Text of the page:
I was taught that certain consonants such as ш are always 'hard'. What function does the soft sign ь have when placed after these 'always hard' consonants? For example, in words such as учишься? Does ш + ь change the pronunciation of the ш? Or does it just indicate a pause?

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    Joshualotz, have a look at this answer of mine, it also deals with the soft sign ь after ш. – Yellow Sky Sep 17 '13 at 23:09
  • You could ask the same question about the spelling of the city Керчь. – KCd Sep 18 '13 at 12:50

The reason is purely historical.

Before the orthography reform of 1918, the two words mentioned by @КуЪ were written as тушъ and тушь, accordingly.

Those two writings are relics of the law of open syllables which, among other things, forbade the words to end with consonants in early Slavic languages.

The letters ъ and ь denoted reduced vowels present in Slavic languages at the time the Cyrillic alphabet was developed, and, though they later had either fallen or been transformed into full-length vowels both in Russian and in Russian rendition of Church Slavonic, the end-vowel rule had survived in Russian orthography (though it was not reflecting actual pronunciation anymore), because some kind of marking was required to distinguish words in pairs like мол/моль, кров/кровь and similar, where palatalization of the final consonant distinguishes between the meanings.

1918's reform retained ь in final positions for all words where it was historically present (including those ending with consonants not forming soft/hard pairs anymore), and dropped ъ in all final positions.

Other Slavic languages using Cyrillic had also undergone similar reforms: 1945's reform of Bulgarian orthography dropped both trailing ъ and ь (as all trailing Bulgarian consonants are hard), and 1847's reform of Serbian removed both ъ and ь from the alphabet at all (as only л, н, ц, ч and ж have hard/soft varieties in Serbian, the Serbs introduced separate letters for the each variety instead).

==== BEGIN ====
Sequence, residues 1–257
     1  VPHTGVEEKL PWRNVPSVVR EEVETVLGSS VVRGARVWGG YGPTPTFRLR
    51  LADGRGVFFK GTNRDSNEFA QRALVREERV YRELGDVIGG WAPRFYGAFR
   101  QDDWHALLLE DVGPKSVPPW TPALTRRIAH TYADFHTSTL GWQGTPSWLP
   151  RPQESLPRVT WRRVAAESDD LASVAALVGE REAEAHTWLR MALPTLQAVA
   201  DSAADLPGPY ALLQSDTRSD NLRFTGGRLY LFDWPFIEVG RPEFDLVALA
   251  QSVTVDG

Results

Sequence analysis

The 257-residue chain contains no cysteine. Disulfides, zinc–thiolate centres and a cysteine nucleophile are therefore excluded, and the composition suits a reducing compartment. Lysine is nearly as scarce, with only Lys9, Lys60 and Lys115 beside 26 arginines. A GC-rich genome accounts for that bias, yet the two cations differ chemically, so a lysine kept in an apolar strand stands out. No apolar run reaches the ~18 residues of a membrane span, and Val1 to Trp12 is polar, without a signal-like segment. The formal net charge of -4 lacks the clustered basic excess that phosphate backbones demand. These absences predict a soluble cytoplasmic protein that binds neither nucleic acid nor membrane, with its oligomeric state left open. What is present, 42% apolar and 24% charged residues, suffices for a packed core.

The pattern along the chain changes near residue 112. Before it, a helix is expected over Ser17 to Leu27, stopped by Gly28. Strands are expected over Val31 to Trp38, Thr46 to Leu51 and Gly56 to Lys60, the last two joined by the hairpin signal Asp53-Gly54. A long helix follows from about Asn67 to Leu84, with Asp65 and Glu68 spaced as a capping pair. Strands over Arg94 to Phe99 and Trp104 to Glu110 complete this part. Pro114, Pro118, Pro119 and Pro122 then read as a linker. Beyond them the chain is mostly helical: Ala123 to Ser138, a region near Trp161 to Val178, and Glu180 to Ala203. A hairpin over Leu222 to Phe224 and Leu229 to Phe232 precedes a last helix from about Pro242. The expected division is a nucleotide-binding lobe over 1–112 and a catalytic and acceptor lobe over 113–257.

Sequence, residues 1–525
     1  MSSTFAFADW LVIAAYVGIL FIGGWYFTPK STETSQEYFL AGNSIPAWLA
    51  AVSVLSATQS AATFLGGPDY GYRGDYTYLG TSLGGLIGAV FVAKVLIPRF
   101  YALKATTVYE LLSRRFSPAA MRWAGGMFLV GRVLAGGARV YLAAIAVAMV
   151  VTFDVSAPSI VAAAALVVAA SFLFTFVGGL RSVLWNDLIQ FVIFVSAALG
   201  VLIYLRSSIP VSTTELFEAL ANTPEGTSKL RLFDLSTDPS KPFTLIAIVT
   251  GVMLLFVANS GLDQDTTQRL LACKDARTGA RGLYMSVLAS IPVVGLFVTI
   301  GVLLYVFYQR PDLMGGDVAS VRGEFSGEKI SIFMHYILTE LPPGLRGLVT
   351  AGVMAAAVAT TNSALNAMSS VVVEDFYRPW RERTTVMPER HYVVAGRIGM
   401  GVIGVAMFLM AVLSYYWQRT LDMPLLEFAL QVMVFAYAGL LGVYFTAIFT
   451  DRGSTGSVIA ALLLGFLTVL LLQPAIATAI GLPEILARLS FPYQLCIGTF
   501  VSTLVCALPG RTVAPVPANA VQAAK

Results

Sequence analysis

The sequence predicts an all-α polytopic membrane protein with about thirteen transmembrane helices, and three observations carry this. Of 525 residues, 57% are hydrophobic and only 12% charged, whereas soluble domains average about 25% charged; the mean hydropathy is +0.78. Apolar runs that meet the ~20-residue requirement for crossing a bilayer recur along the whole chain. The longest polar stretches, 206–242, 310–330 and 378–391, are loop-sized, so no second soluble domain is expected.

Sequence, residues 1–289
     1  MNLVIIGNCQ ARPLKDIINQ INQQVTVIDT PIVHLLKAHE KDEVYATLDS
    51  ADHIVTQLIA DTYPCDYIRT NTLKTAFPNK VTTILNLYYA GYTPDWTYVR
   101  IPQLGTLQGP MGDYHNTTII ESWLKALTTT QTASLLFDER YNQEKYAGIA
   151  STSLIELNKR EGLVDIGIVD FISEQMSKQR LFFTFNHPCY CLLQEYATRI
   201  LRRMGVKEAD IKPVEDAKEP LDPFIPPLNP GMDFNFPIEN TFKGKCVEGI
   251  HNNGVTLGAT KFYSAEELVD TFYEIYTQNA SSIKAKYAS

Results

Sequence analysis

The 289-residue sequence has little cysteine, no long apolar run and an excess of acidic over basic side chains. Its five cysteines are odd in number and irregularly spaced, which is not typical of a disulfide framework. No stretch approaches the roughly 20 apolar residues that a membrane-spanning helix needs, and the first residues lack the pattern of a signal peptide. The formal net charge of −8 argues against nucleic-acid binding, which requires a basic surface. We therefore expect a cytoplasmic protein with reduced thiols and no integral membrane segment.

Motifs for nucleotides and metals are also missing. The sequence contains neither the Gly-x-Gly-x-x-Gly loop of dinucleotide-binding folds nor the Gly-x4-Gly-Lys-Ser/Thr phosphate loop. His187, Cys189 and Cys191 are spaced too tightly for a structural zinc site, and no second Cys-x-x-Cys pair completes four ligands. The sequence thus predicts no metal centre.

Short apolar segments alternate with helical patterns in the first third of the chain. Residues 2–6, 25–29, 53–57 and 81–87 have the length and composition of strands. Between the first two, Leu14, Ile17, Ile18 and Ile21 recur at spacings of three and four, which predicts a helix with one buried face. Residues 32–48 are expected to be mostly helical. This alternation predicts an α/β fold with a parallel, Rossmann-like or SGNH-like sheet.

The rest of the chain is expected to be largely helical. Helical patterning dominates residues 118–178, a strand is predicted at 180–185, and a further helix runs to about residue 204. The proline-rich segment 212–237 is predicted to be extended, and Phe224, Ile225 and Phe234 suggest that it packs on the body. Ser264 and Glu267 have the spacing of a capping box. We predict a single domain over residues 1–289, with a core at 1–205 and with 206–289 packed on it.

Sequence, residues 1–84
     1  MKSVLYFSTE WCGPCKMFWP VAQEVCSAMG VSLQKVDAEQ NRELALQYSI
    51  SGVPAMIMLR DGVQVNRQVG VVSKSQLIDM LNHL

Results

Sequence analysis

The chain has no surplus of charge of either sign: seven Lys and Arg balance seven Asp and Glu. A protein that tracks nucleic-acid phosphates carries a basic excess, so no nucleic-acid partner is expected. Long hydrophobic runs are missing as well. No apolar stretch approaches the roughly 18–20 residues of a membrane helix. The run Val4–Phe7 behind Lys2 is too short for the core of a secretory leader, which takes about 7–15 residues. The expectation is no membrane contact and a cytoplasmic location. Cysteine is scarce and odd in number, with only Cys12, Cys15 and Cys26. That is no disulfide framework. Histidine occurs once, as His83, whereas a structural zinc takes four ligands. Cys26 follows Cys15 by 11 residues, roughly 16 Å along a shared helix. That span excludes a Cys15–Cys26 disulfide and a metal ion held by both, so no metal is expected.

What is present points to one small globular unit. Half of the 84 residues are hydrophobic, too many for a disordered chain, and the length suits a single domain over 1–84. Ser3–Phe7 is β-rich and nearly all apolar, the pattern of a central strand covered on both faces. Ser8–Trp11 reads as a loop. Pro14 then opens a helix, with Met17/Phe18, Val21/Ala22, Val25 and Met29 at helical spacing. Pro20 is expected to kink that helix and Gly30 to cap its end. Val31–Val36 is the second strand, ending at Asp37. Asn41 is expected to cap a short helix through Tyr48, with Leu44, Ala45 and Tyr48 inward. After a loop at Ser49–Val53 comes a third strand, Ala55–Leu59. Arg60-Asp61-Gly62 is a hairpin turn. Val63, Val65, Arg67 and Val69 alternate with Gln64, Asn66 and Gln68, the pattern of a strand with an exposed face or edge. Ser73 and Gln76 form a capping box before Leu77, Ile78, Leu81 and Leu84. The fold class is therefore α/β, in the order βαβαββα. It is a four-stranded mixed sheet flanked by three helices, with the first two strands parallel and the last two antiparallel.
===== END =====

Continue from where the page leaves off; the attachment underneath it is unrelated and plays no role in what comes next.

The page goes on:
Some orthography reform projects (i. e. Fortunatov's 1912 project) suggested that final ь would be dropped after hard consonants as well, as the distinction it marks is only valid for but a few pairs and not represented at speech at all. However, none of those projects had passed so far.

  • Просто интересный факт: в абазинском языке мягкий знак иногда пишется после твёрдого знака, дело в том, что в этом языке есть триграфы гъь и къь. – Yellow Sky Sep 17 '13 at 23:26

Ь doesn't change the pronunciation of the ш. It doesn't indicate a pause. It is only used in written speech to indicate the form of a verb. Also ь doesn't change the pronunciation in the words "туш" and "тушь", but these words have different meaning and gender.

  • OK, I understand the example with "туш" and "тушь" because the ь distinguishes in writing two words with different meaning/gender that otherwise have the same pronunciation. But is there any 'reason' to have ь in учишься other than orthographic tradition? If I wrote учишся without ь, would it be confused with another word? Basically, I'm wondering 'why' we bother to write the ь in this case? – joshualotz Sep 17 '13 at 11:14
  • @joshualotz In old times there was a phrase that the only meaning of letter ѣ (which sounded at that time exactly as letter е) is to distinguish literate from illiterate. I think this is the answer for your question as well. – Artemix Sep 17 '13 at 12:29
  • Говорят, на месте мягкого знака в славянских языках был сверхкраткий звук "и", затем он редуцировался, звук "ш" был смягчённым; затем "ш" отвердел, но мягкий знак остался. Когда была реформа, которая отменила "ъ" после твёрдых согласных, хотели "ь" после "ш" в окончаниях глаголов во 2 л. ед.ч. тоже отменить, но почему-то этого не сделали, хотя сторонники такого решения до сих пор есть. – КуЪ Sep 17 '13 at 14:38
  • @КуЪ historically there was not reduced sound, but full -и in -ши (and -си in athematic verbs: даси, еси). It is still kept in church tradition. Eliminating of this -и happened generally later than reducents falling. So, the reason to keep -ь is totally orthographic without any real historic grounding. – Netch Sep 25 '13 at 19:23

All verbs and adverbs with trailing ж, ш and ч always have soft sign as the last character. It's just grammar rules, so soft sign in this cases has no function. In your example, "учишься" is derivative from "учишь".

You can read more info and make exercises here: http://www.gramota.ru/class/coach/tbgramota/45_88

  1. Глаголы с шипящим на конце всегда пишутся с мягким знаком. Например: СМОТРИШЬ или ПОСМОТРИШЬ (в форме второго лица ед. числа настоящего или будущего времени), РЕЖЬ (в повелительном наклонении), ЖЕЧЬ (в неопределенной форме). Обратите внимание, что в глаголах мягкий знак может оказаться после шипящей и не на самом конце слова, а перед постфиксами –СЯ или -ТЕ, например: КУПАЕШЬСЯ, СПРЯЧЬТЕ.
  • This isn't good answer because it denotes only current state without its origin. – Netch Sep 25 '13 at 19:24

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